The Linux 5.10 release included a change that is expected to significantly increase the performance of the ext4 filesystem; it goes by the name "fast commits" and introduces a new, lighter-weight journaling method. Let us look into how the feature works, who can benefit from it, and when its use may be appropriate. Ext4 is a journaling filesystem, designed to ensure that filesystem structures appear consistent on disk at all times. A single filesystem operation (from the user's point of view) may require multiple changes in the filesystem, which will only be coherent after all of those changes are present on the disk. If a power failure or a system crash happens in the middle of those operations, corruption of the data and filesystem structure (including unrelated files) is possible. Journaling prevents corruption by maintaining a log of transactions in a separate journal on disk. In case of a power failure, the recovery procedure can replay the journal and restore the filesystem to a consistent state. The ext4 journal includes the metadata changes associated with an operation, but not necessarily the related data changes. Mount options can be used to select one of three journaling modes, as described in the ext4 kernel documentation. data=ordered, the default, causes ext4 to write all data before committing the associated metadata to the journal. It does not put the data itself into the journal. The data=journal option, instead, causes all data to be written to the journal before it is put into the main filesystem; as a side effect, it disables delayed allocation and direct-I/O support. Finally, data=writeback relaxes the constraints, allowing data to be written to the filesystem after the metadata has been committed to the journal. Another important ext4 feature is delayed allocation, where the filesystem defers the allocation of blocks on disk for data written by applications until that data is actually written to disk. The idea is to wait until the application finishes its operations on the file, then allocate the actual number of data blocks needed on the disk at once. This optimization limits unneeded operations related to short-lived, small files, batches large writes, and helps ensure that data space is allocated contiguously. On the other hand, the writing of data to disk might be delayed (with the default settings) by a minute or so. In the default data=ordered mode, where the journal entry is written only after flushing all pending data, delayed allocation might thus delay the writing of the journal. To assure data is actually written to disk, applications use the fsync() or fdatasync() system calls, causing the data (and the journal) to be written immediately.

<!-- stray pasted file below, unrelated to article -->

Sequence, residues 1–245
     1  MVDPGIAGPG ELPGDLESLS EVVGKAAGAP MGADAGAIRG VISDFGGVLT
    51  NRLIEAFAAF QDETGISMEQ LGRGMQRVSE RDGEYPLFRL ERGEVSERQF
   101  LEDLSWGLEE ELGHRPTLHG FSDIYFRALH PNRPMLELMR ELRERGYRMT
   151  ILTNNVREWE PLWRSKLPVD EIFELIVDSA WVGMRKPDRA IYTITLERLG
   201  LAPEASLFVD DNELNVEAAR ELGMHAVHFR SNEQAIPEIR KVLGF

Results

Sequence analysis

• MAINTAINERS truth and fiction